Justin Harty is a doctoral candidate at the University of Chicago’s School of Social Service Administration. He earned his master’s degree in social work, with a concentration in children and families, from the Jane Addams College of Social Work at the University of Illinois at Chicago. He holds bachelor’s degrees in both sociology and philosophy from the University of Illinois at Urbana-Champaign. His research interests include father involvement and engagement among fathers with children involved in the child welfare system as well as impregnation and early fatherhood among young fathers in foster care. His current dissertation work includes a study of young Black fathers aging out of the foster care system. His research is informed by several years of practice experience in child welfare as a foster care caseworker in Chicago, Illinois. He is also a licensed clinical social worker serving child welfare involved fathers and fathers in foster care. In addition to fatherhood research and practice, he provides father-focused trainings to child welfare and family strengthening agencies around father involvement and engagement.

Julius l. jones

Julius l. jones

History

Julius L. Jones is a historian, curator, videographer and digital media producer committed to telling new stories about the past in compelling and innovative ways. Julius is a Ph.D. Candidate in the Department of History at The University of Chicago, where his scholarly interests include twentieth century United States Cultural and Social History, particularly the meanings of aspiration among racial and ethnic minorities, with a particular focus on Chicago. Currently, Julius is an Assistant Curator at the Chicago History Museum. Prior to moving to CHM, Julius was the Digital Curator at the DuSable Museum of African American History. Furthermore, Julius previously served as the Media Assistant at the Center for the Study of Race, Politics and Culture at The University of Chicago. Julius has earned a bachelor’s degree in History and African and African American Studies from Duke University, and a Master’s degree in History from The University of Chicago.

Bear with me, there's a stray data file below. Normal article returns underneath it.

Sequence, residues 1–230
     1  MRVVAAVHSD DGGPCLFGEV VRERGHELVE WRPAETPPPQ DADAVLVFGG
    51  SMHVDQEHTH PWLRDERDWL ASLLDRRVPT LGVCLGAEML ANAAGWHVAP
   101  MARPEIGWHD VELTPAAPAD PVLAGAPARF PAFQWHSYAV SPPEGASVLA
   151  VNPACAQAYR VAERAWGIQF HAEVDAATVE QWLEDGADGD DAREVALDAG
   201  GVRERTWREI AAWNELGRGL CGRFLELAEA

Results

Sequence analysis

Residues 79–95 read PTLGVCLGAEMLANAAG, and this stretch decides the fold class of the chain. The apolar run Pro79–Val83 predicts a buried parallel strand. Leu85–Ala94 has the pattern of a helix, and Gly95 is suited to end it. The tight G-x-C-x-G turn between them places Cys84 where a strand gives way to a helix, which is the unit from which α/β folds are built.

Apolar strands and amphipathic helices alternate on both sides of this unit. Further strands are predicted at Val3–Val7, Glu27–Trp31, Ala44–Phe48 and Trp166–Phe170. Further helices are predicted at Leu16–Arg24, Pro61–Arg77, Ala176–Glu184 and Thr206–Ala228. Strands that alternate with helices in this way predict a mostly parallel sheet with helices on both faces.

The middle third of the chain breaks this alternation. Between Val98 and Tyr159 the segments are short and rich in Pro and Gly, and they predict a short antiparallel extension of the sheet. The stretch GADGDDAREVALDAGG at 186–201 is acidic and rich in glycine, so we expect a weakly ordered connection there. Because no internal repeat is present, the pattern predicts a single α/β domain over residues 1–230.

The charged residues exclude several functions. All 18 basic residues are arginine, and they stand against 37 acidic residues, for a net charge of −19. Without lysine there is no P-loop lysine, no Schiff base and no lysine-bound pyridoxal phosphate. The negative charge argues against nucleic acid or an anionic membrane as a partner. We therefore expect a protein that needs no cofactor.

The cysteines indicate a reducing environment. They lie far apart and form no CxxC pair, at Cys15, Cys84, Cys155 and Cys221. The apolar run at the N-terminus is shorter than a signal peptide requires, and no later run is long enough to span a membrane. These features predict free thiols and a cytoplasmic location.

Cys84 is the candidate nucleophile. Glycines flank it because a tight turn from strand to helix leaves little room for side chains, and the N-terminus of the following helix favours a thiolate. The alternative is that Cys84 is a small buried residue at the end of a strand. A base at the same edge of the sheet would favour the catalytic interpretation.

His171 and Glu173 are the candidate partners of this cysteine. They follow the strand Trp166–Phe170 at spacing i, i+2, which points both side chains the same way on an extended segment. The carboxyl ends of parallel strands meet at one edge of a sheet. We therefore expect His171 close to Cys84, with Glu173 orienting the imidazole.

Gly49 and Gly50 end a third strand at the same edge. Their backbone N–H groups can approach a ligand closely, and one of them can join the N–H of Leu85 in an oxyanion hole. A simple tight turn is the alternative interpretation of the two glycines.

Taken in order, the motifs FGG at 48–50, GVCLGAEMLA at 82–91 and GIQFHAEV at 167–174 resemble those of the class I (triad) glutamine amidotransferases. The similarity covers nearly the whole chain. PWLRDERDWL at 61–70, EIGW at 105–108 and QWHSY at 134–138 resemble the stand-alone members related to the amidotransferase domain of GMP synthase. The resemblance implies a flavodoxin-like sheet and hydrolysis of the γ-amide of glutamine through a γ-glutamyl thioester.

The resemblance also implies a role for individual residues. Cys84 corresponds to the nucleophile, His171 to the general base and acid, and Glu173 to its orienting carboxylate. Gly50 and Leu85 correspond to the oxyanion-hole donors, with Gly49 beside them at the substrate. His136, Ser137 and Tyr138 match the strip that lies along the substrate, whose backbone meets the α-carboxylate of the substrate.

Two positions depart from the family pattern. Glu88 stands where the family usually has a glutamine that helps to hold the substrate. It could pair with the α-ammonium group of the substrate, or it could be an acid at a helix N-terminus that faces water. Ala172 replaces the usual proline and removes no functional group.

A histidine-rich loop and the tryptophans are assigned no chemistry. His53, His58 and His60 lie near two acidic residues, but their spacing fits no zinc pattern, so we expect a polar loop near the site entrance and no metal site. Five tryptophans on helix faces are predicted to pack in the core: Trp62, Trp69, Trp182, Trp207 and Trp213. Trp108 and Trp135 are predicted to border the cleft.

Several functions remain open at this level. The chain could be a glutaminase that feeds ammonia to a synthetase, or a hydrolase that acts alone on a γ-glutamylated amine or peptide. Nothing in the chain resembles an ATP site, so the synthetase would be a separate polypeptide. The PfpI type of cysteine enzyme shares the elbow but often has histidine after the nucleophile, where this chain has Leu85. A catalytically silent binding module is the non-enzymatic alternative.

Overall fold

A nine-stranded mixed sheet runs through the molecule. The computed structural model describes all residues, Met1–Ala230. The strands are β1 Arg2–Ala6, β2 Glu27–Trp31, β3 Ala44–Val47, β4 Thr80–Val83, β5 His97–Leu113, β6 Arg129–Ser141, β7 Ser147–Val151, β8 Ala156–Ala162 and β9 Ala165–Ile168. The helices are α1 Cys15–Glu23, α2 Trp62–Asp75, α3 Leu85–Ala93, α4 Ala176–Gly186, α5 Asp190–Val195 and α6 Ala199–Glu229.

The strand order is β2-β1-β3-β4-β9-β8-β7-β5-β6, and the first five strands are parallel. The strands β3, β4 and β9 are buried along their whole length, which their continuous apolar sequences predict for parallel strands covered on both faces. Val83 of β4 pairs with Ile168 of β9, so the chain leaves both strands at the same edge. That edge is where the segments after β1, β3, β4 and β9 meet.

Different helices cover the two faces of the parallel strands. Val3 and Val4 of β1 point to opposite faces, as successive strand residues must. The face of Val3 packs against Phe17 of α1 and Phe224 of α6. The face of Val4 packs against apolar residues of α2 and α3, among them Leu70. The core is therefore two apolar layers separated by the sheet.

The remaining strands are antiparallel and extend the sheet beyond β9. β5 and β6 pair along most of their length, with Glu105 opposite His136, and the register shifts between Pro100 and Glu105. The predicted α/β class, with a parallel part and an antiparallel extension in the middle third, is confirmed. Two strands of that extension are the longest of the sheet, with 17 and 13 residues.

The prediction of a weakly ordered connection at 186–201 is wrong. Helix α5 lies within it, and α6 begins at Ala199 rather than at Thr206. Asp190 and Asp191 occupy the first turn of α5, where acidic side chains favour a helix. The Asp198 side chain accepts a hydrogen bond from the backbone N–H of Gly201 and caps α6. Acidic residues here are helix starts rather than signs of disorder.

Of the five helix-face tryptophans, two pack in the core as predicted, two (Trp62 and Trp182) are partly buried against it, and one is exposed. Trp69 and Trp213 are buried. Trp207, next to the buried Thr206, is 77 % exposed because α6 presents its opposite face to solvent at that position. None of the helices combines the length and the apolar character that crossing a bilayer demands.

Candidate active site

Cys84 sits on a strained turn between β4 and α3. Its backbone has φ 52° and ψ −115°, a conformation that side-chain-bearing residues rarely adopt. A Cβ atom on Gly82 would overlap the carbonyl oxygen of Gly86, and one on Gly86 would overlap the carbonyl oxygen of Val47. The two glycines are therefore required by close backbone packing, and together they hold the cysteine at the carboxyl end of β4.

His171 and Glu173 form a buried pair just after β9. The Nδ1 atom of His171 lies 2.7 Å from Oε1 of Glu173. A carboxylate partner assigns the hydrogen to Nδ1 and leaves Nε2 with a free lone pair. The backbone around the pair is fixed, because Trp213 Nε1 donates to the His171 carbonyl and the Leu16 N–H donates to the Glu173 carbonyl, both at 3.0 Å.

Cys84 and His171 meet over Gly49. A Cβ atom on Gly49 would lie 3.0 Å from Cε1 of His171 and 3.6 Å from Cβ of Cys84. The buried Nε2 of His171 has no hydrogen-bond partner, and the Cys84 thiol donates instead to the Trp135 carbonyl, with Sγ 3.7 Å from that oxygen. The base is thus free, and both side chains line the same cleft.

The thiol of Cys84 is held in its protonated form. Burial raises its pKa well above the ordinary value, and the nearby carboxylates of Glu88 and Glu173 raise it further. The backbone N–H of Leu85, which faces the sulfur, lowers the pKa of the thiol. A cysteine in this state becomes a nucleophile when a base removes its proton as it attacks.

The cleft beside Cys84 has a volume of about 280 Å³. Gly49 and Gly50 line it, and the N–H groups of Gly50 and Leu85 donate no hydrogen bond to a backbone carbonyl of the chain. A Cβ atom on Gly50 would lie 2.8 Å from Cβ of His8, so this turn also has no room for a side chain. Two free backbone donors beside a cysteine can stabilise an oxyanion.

Daniel KNORR

Daniel KNORR

History